Black Friday Sale | Up to 45% Off

Post Production Tips

How To Process Your Milky Way Photos For Maximum Effect

By Anthony Thurston on October 15th 2014

The art of night sky imagery begins with capturing the image, but the real artistry happens in post production, and how you choose to process your image.

Credit: Matthew Saville

Credit: Matthew Saville

Kenneth Brandon is an avid night sky shooter, who runs a great channel on YouTube, and today, I wanted to share this amazing tutorial he did on how to process images of the Milky Way. Kenneth is a timelapse guy, so the context of his processing is for timelapse, but it will be no different for you if you are just shooting single stills. You will just only do this once, rather than repeat it many times.

The process here would be very similar if you are using Lightroom. The sliders are all the same as in Camera RAW, they are just laid out differently. So you would do your base processing in Lightroom, and then pull the image into Photoshop using Lightroom’s built-in features for that.

I found this particular tutorial very interesting. I loved hearing his process and not only what decisions he was making, but why he was making them. My only bit of hesitation here is that he is editing every single shot like this in Photoshop, that is a LOT of work for timelapse (24 frames for every one second of video). But, if you have seen any off his timelapse stuff on this channel, you know that it’s time well spent.

It also is worth mentioning that this would be a great technique to try if you were hoping to enter our Night Sky Contest(which closes tomorrow!), but were stuck on how to process your image for the maximum effect.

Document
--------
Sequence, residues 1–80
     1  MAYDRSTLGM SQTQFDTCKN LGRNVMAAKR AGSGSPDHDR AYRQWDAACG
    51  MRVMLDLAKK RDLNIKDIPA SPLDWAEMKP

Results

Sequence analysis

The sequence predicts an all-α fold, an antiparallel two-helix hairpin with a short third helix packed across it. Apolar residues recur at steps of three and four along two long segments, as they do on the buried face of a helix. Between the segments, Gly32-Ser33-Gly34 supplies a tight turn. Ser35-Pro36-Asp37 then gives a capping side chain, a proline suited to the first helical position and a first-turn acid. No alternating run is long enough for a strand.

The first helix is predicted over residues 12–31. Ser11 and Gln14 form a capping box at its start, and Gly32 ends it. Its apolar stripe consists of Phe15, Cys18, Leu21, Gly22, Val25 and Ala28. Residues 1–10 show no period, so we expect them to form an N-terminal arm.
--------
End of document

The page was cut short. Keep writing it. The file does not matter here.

___

What did you think of this tutorial? Has it helped open your eyes to how to process an amazing looking night sky image? Leave a comment below!

[via Kenneth Brandon on Youtube]

Anthony Thurston is a photographer based in the Salem, Oregon area specializing in Boudoir. He recently started a new project, Fiercely Boudoir to help support the growing boudoir community. Find him over on Instagram. You may also connect with him via Email.

7 Comments

Please or register to post a comment.

  1. Kenneth Brandon

    Thanks for featuring my video!

    Since I made the video I’ve improved a lot in editing Milky way shots. I should update my tutorial!

    A quick correction, when I do time-lapse I don’t edit each frame individually. Check out my time-lapse tutorial for more info: https://www.youtube.com/watch?v=dcYpYSGKY2k

    | |
  2. Jason Switzer

    This was a really great tutorial. The only thing I need to pull this off is to find some “dark sky.” Sadly, that doesn’t exist in Detroit. Maybe when I go on vacation to the Upper Peninsula or something. :)

    | |
  3. Brian Stalter

    Great stuff, I was actually wondering about this the other night while looking at the Active Contest on night photography here on SLRLounge.

    | |
  4. Sathiaseelan Pitchai

    I started shooting night sky two years back , I searched a lot about shooting Milky way and star trails but couldn’t find such a useful article back then. I even attended a workshop but they dint teach anything about the post processing which is one of the main backbone for stunning milky way picture. This article should be a good starting point for people who are entering into night sky photography.

    | |
  5. Michael Moe

    This is a great tutorial. I learned a lot about editing Milkyway-Timelapses, but there is a long way to go! ;)

    | |